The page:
Paws a Moment for SYLVIA


During the evening I caught SYLVIA at Manoa Valley Theatre, an elderly couple (jokingly!) called me out on my reactions to the production. They were sitting in the house center section of the house, close to the aisle, and I was the only one on house left for about four rows. Thus, my reactions were pretty obviously mine. The couple had said they enjoyed catching me “chortling,” and I told them, “how could I not? I work with dogs as my day job.” From there, we exchanged stories about dogs and how the production seemed to nail the spirit and voice of a dog more than anything else we’ve seen recently. Behold, dogs and theatre: bringing communities together.

Manoa Valley Theatre kicks off its 2019-2020 season with A.R. Gurney’s romantic comedy, SYLVIA, directed by Stephanie Conching. It’s currently running through October 6.

The premise of the play is simple: Greg (Peter Togawa) is a middle-aged businessman that is over his soul-sucking job. One afternoon, he finds a dog (Christine Lamborn) with no leash, and a collar that reads “Sylvia,” and brings her back home. The two get along fantastically, as Greg finds something new and wholesome in his life again and Sylvia finds herself with a loving owner, a shelter above her head, and food to eat. Pieces begin to fall when Greg’s wife, Kate (Cindy Shea) finds the dog to be a nuisance. As a teacher trying to teach Shakespeare to an inner city school, she is often working at home, and Sylvia often gets in the way of that. Greg takes Sylvia around the city, where they take midnight walks together and go to the park, where Greg meets the owner of Bowser, a stud of a dog, Tom (Stu Hirayama). Kate tries to confide in her friend, Phyllis (Hirayama), and finally a marriage counselor, Leslie (Hirayama) in order to find some solace (or a way to get Sylvia out) because she and Sylvia, and thus Greg, cannot see eye to eye. Will the couple be able to reconcile anything? Do they even belong together? What will Sylvia do?

It’s obvious Gurney knows dogs, and Lamborn has taken the script and ran away with it in her performance. Her spirit and commitment to Sylvia is amazing as she delivers a performance that is both human and canine in nature. There is a wonderful dynamic of being canine in most aspects and human in the rest that allows the audience to see not just the humanity, but the heart and soul of what a dog like Sylvia could be feeling and saying. Her comedic timing is flawless, and the jokes (both dialogue driven and physical) she espoused landed with aplomb. Lamborn shines as the titular character of the show, and meeting her halfway is Shea as Kate. Kate has the unfortunate predicament of being the most logical person in the production, as she calls out Greg on his midlife crisis and is driven up the wall by this dog that is clearly driving her marriage apart. Shea brings an honest and real take to the table, fighting for every inch that is rightfully hers in the apartment (and the script). She is strong and fitting for the school teacher role she is cast as, and equally as dynamic and well-cast when we begin to see the cracks in Kate’s armor as she is slowly unraveled by this seeming uphill battle against Sylvia. The situation, while humorous and sitcom-like in its premise, clearly affects Shea as Kate, who is rocked to her core and back.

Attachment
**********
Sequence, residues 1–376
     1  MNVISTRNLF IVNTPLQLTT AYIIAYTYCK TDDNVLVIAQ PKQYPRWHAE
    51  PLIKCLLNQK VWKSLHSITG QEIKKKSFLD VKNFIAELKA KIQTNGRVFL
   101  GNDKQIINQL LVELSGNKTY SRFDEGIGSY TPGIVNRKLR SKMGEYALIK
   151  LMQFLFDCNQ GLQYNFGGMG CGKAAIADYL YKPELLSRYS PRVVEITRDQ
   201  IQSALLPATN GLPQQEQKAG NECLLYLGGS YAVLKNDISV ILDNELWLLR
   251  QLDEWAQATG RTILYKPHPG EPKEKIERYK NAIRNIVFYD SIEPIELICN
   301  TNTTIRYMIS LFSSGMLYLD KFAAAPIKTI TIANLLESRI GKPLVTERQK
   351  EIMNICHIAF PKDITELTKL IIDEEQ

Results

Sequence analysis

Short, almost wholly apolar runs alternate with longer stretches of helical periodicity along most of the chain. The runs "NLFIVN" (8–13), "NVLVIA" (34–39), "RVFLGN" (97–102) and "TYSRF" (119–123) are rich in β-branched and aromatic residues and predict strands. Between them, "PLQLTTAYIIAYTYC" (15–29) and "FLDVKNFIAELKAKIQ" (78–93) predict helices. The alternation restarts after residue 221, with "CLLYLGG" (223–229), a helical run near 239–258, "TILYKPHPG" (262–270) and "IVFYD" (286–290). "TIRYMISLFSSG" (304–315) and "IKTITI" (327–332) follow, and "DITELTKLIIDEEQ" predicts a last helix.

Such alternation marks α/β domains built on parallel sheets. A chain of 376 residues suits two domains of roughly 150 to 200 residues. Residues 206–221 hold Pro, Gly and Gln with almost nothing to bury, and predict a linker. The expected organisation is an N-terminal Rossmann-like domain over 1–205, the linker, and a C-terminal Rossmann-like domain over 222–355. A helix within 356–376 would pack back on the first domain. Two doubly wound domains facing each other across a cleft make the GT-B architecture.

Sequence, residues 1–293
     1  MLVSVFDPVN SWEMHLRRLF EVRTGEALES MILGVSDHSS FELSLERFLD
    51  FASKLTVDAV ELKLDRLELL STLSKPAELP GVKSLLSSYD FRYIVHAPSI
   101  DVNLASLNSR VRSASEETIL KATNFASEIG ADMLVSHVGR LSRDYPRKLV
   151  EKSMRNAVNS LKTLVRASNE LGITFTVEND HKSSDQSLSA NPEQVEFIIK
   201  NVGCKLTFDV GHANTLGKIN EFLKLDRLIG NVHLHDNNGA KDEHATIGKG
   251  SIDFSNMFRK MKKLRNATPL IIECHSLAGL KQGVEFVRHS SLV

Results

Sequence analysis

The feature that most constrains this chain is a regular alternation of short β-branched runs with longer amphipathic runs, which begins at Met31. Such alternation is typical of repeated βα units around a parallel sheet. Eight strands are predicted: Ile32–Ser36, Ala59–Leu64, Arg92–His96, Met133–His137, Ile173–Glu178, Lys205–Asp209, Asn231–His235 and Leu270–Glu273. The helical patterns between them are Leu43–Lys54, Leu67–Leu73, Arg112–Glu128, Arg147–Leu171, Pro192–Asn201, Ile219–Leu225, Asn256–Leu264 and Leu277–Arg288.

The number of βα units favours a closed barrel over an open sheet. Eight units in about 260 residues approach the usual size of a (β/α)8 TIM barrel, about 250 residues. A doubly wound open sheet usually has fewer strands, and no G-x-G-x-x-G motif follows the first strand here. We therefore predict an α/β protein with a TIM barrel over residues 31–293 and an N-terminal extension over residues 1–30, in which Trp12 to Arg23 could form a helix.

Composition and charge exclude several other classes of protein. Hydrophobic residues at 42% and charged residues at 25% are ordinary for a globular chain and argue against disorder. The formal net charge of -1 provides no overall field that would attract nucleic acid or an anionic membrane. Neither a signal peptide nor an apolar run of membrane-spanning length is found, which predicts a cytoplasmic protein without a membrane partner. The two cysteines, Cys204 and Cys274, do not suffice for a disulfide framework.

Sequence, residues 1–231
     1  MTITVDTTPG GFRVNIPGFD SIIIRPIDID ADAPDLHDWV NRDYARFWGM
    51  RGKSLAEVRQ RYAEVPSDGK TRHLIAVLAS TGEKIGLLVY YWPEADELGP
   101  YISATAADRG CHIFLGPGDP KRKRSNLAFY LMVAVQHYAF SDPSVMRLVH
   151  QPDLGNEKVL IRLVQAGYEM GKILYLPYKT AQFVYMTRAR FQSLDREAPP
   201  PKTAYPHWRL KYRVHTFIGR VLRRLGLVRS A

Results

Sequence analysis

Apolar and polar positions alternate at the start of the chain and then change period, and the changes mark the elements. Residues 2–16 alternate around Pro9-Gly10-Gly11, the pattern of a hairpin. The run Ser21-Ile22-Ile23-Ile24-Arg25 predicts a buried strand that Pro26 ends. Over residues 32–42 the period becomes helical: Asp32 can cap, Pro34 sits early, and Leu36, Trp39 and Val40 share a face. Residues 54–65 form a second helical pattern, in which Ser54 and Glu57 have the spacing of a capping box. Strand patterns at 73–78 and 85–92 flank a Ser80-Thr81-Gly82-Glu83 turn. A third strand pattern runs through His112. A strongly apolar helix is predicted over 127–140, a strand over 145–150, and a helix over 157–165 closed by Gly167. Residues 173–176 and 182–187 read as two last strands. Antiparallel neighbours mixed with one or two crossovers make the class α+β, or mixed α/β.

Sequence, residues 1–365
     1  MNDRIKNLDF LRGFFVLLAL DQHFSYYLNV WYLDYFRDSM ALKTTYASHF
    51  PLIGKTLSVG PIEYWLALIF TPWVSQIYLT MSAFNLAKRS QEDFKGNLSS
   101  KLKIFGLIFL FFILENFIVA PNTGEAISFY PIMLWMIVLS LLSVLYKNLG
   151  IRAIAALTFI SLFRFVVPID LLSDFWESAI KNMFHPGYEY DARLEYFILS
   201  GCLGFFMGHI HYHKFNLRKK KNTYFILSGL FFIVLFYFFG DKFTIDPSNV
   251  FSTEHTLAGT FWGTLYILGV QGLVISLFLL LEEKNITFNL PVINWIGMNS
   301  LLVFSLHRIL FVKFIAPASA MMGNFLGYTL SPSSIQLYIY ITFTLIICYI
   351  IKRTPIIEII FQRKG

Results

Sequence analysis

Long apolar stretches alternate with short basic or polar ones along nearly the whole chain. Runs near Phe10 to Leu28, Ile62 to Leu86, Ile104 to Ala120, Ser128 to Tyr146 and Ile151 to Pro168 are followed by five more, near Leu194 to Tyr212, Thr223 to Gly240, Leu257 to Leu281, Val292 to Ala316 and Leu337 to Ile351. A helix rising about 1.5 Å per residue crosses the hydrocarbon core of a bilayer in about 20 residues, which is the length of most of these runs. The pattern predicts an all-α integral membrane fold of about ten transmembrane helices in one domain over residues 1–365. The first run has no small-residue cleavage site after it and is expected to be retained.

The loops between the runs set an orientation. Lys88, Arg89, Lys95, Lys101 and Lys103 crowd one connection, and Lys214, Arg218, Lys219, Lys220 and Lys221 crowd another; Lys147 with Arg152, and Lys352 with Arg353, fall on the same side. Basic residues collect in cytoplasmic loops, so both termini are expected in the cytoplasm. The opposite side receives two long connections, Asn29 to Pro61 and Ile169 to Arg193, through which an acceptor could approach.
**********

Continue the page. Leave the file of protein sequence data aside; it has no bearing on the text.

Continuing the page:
I wish that Togawa were a bit more receptive and open in his performance as Shea was, but I recognize the script did not necessarily call for that. However, Togawa’s performance felt surface and did not go as deep as Shea’s, and thus despite the ups and downs he took with Sylvia (i.e. getting jealous when Sylvia devotes more attention to another dog to a park than him) and with Kate (i.e. the few times he and Kate actually saw eye to eye), I didn’t believe the emotional arc his character took. Finally, Hirayama was initially funny as overly-knowledgeable Tom who helps Greg at the dog park, but I wish the direction given to him were a bit different when he was Phyllis and Leslie. The three characters rang too similar to each other, and I do wish there more dynamic takes on all three, separating them a bit clearer.

MJ Matsushita’s set design was detailed and fantastic, taking the audience from Greg and Kate’s apartment to the airport, to the park, and finally to Leslie’s marriage counsel office. Rachel Sorensen’s lighting design went hand in hand, helping shape the production and smartly bringing the audience to midnight New York with just a few key light choices. Jennifer Hart and Trudy Hodenfield’s costume design alongside Lisa Ponce de Leon’s hair and makeup design is excellent and inspired, as we see the team realistically clothe/do-up all the humans in setting/emotional appropriate looks throughout the entire show, and constructing the look of Sylvia so well. Sylvia herself even has a few different looks, representative of her different stages of life with Greg (and when she stopped off at the groomer).

Light-hearted, fun, and definitely something that dog-lovers will love, SYLVIA is playing at Manoa Valley Theatre through October 6. For tickets, click here.